End-of-life debate returns to Texas Lege

Few North Texans will forget the emotional legal battle between John Peter Smith Hospital and the family of Haltom City woman Marlise Muñoz that commanded national headlines during late 2013 and early 2014.

Muñoz, who at 14 weeks pregnant collapsed in her home, was kept on life support for two months pursuant to Texas law, until a court ordered the hospital to remove all life-sustaining measures at her family’s request.

The case was tragic, not only because of the lives lost, but due to the turmoil the family experienced as their very personal story became widely publicized and politically charged.

Politics are hard to avoid when issues that evoke intense emotions enter the public sphere.

And definitive policies to guide society through such murky waters are even harder to formulate. Which is perhaps why the debate continues in the Texas Legislature this session.

Competing bills inspired by the Marlise Muñoz tragedy have been introduced in the Texas House.

One would strike the legal language that kept her on life support in defiance of her family’s wishes. The other would provide a developing fetus legal representation in the event the family was not interested in keeping a loved one artificially alive until the developing baby is viable.

H.B. 3183, also called “Marlise’s Law,” was filed Wednesday by Rep. Elliott Naishtat, D-Austin. The bill would repeal the pregnancy exclusion currently enshrined in the Texas Health and Safety Code that bars doctors from withdrawing life-sustaining treatment from a terminally ill or brain-dead patient who has an advance directive and is pregnant.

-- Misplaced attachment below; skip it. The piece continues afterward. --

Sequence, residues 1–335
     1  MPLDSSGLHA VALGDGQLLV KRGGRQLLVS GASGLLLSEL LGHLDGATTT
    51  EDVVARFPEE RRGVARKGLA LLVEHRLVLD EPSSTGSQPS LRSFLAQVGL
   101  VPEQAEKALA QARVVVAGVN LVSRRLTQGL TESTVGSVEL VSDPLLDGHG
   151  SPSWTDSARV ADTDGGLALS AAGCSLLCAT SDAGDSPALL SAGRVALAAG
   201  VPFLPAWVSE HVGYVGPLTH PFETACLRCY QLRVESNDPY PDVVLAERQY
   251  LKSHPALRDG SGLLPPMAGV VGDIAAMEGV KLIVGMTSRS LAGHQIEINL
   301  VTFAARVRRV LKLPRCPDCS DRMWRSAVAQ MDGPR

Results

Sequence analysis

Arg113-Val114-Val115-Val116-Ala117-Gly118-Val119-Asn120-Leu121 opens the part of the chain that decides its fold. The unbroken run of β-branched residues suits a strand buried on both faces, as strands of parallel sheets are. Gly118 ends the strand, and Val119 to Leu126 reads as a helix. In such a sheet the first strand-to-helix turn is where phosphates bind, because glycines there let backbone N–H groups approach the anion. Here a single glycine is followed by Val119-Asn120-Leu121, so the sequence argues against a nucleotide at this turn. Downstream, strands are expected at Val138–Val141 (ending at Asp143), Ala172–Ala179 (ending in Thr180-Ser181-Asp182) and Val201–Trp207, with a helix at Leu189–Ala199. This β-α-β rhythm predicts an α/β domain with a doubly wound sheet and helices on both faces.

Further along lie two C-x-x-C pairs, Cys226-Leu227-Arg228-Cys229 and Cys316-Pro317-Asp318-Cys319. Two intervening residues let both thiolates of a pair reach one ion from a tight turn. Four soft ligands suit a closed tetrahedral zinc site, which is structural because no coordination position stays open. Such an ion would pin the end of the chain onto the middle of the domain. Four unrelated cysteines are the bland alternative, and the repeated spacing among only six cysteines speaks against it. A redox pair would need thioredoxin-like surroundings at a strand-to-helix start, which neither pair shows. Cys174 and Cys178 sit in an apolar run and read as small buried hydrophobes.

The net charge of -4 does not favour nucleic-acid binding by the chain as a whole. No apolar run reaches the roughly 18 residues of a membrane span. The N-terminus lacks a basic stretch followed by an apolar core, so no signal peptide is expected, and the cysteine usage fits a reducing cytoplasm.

“The law should reflect the consideration a woman puts into planning the treatment she wishes to receive, or not receive, when she is no longer able to express herself,” said Naishtat.

In contrast, Rep. Matt Krause, R-Fort Worth, recently proposed H.B. 1901, which would prevent the removal of life support from a pregnant patient “if the life-sustaining treatment is enabling the unborn child to mature.” It would require the state to appoint a guardian ad litem to “represent the unborn child’s interests … in any litigation or other matter regarding the health care decisions made for the pregnant patient.”

Despite the rancor and consternation over these legislative proposals, both bills are well-intended. Each stems from a distinctive and strongly held belief that cannot easily be divorced from a person’s feelings about abortion rights.

Naishtat’s legislation seeks to empower women and families by ensuring that even in the rare circumstance of a pregnant woman’s total incapacitation, her wishes, if known, and those of her family would dictate her care.

Krause’s bill would ensure the interests of the unborn would be specifically represented in any legal dispute where the life of a developing child hung in the balance.

Balancing the rights of an individual or family to make end-of-life decisions with the interests of the state in protecting the most vulnerable remains difficult. We may not achieve a satisfying resolution during this legislative session, or even in those to come.